Visitation will be held from 1 to 3 p.m. Aug. 14 at the Mulkey-Bowles-Montgomery Funeral Home, 705 N. Locust, in Denton. A Celebration of Life is scheduled from 4 to 8 p.m. Aug. 14 at Denton Country Club, 1213 Country Club Road, in Argyle. Memorials may be made to the Richard and Joneel Harris Scholarship.

Joshua Gulley

Joshua Gulley, Denton :: He was in the Bachelor of Applied Arts and Sciences program from 2017 to 2018. He graduated in aviation mechanics from Texas State Technical College in 2015. He was an avid sports fan. His mother, Donna Jackson, works for IT Shared Services.

Joshua Akers

Joshua Akers, Plano :: He was working toward his petroleum engineering degree and was a member of The Association of Energy Engineers, Kappa Alpha and the American Society of Mechanical Engineers. He played football while in high school and served as a sergeant in the U.S. Marine Corps for five years. He enjoyed woodworking, gaming and was known for his “dad jokes.”

Jonathan David Bostick

Jonathan David Bostick (’06), Houston :: Originally an English major, he took a dance class at UNT and decided to pursue dance professionally. He danced with companies in Utah, Arkansas and Texas, on cruise ships and in a Texas Lottery Commercial. He also tried out for the show So You Think You Can Dance, choreographed his own works and taught at various dance schools.

Patricia (Pat) Marie (Foley) Klammer

Patricia (Pat) Marie (Foley) Klammer (’85 M.S.), Denton :: A former elementary school teacher and homemaker, she pursued her accounting degree so she could help her husband Thomas Klammer, Regents Professor Emeritus of accounting, transcribe an accounting book he was co-writing. She eventually became a certified public accountant, started her own tax accounting firm and ran it until she sold it in 2007. Pat enjoyed traveling, playing tennis and golf, and volunteering. She was a lifetime member of the UNT Alumni Association. Memorials may be made to the UNT Foundation for the Klammer Family Endowed Scholarship. Survivors include son David (’94, ’94 M.S.).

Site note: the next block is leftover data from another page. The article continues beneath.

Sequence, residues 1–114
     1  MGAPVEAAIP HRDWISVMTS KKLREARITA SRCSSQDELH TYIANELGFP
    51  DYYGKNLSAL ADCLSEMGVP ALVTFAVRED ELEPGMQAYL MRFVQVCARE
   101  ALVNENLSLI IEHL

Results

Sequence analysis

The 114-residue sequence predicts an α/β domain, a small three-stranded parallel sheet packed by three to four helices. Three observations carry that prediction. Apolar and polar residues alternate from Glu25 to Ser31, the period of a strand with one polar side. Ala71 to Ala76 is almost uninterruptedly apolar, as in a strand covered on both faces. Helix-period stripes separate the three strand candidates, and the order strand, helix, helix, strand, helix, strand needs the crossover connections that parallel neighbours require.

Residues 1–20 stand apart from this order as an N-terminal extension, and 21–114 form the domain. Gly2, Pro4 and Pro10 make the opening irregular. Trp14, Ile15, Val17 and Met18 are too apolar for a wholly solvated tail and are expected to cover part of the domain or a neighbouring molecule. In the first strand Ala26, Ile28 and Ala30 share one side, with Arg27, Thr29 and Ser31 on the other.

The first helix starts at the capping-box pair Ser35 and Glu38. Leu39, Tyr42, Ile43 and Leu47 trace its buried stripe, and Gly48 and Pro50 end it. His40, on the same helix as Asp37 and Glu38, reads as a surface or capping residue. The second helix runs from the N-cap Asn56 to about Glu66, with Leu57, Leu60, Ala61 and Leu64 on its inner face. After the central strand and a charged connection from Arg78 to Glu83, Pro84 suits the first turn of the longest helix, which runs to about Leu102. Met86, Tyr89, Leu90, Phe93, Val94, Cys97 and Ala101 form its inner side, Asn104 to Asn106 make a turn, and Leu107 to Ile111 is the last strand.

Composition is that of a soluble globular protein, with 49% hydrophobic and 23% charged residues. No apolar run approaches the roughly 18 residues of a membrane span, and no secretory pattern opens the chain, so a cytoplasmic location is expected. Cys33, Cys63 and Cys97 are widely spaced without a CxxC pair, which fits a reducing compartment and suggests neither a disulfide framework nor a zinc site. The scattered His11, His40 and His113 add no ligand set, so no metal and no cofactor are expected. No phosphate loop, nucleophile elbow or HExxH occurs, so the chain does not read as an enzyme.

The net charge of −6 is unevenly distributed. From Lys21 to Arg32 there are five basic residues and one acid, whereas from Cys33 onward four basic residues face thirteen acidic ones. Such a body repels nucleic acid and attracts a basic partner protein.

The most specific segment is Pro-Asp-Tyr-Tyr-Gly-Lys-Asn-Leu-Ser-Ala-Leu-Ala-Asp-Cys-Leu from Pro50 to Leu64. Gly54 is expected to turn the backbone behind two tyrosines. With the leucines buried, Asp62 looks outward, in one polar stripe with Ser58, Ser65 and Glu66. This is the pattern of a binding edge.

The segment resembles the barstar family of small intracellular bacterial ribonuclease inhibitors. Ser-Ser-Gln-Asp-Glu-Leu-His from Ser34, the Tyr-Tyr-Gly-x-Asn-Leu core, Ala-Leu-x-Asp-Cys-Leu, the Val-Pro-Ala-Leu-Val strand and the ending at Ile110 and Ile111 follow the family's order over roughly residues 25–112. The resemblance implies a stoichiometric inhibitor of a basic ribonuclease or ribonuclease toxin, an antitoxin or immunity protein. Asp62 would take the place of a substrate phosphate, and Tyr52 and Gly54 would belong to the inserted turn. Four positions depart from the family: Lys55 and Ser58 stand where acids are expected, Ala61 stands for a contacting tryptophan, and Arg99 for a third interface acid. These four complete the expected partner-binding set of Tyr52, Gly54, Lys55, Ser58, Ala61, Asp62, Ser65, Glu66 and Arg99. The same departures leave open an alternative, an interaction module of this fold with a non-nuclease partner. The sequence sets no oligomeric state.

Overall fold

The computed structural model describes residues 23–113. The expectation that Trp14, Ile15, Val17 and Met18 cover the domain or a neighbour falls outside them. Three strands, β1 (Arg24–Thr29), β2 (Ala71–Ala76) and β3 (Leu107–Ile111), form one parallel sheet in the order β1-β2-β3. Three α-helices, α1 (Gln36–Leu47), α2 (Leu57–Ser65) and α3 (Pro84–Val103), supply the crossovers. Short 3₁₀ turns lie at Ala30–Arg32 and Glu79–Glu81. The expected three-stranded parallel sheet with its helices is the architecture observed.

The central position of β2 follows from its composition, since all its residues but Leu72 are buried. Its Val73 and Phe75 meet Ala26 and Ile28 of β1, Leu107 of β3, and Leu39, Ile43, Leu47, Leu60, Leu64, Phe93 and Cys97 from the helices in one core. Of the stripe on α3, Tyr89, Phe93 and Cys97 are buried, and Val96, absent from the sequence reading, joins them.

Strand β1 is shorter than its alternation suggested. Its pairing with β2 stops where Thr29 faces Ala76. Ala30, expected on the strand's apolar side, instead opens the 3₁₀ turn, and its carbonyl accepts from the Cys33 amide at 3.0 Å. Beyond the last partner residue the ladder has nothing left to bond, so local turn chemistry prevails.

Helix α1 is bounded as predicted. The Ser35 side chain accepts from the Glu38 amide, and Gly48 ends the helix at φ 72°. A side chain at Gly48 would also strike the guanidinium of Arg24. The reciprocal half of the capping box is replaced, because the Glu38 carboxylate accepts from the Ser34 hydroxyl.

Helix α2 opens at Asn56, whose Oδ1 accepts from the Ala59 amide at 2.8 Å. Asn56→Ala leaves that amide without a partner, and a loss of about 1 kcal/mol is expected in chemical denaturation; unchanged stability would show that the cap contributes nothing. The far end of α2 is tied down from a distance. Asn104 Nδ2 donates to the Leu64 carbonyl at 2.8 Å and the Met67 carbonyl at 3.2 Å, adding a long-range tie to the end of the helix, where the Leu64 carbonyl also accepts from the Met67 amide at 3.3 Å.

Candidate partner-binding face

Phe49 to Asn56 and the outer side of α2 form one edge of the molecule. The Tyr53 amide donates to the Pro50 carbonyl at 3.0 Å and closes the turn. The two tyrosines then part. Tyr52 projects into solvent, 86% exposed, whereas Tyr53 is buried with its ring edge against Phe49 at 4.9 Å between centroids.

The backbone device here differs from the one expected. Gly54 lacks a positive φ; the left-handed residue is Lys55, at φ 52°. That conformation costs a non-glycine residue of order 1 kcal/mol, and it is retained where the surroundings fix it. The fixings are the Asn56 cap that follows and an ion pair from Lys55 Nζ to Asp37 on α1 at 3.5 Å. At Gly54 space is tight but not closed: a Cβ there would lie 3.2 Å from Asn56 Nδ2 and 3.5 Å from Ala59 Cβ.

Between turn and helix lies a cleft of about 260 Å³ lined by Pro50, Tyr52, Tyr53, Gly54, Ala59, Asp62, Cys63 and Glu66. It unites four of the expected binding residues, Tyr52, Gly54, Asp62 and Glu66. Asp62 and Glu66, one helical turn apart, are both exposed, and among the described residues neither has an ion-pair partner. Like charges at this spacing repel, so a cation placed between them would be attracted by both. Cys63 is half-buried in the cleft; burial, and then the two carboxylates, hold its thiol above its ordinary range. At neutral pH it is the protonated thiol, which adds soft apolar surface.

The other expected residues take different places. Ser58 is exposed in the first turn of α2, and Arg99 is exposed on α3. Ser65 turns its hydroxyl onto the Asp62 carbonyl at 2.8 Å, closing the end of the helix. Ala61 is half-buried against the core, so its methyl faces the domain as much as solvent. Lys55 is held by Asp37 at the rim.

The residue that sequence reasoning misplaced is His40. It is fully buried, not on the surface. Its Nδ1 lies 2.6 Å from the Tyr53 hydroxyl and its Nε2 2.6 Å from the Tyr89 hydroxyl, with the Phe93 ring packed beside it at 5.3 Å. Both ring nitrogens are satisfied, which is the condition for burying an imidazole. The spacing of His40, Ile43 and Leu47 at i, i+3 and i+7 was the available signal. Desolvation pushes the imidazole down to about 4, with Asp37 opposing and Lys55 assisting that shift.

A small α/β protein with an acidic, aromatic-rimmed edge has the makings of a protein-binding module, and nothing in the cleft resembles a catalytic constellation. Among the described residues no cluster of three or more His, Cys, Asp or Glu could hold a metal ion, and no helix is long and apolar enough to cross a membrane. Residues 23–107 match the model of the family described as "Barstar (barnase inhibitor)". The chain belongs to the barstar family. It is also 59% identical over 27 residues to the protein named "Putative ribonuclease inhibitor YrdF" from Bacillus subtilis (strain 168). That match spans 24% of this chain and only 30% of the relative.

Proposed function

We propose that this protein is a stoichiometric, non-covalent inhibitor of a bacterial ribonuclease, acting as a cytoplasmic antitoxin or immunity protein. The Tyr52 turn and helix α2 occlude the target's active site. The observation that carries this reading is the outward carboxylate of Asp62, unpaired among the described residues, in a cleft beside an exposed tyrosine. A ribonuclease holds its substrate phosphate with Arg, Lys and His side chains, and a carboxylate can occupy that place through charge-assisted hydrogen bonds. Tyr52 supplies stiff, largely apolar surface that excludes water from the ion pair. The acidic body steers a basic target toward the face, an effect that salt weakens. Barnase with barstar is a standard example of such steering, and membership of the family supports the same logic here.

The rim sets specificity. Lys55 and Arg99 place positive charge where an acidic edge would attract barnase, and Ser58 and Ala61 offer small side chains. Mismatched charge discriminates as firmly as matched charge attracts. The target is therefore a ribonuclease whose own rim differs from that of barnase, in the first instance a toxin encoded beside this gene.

William Cupit

William Cupit (’79 M.S.), Van Alstyne :: Cupit was born with cerebral palsy and refused to let that stand in his way. He worked his first paying job at 14 and was the first in his family to earn a college degree. He then became one of the first graduates of UNT’s master’s program in rehabilitation counseling and obtained his professional counselor’s license. He worked as a vocational rehabilitation counselor and program specialist for the University of Texas Medical Branch in Galveston with the Texas Rehabilitation Commission for 21 years. He was named its employee of the year in 1987. He also received the Alumnus of the Year award from UNT’s Department of Addiction, Rehabilitation and Social Work in 1999. He also owned a farm, his lifelong dream since he was in FFA in high school.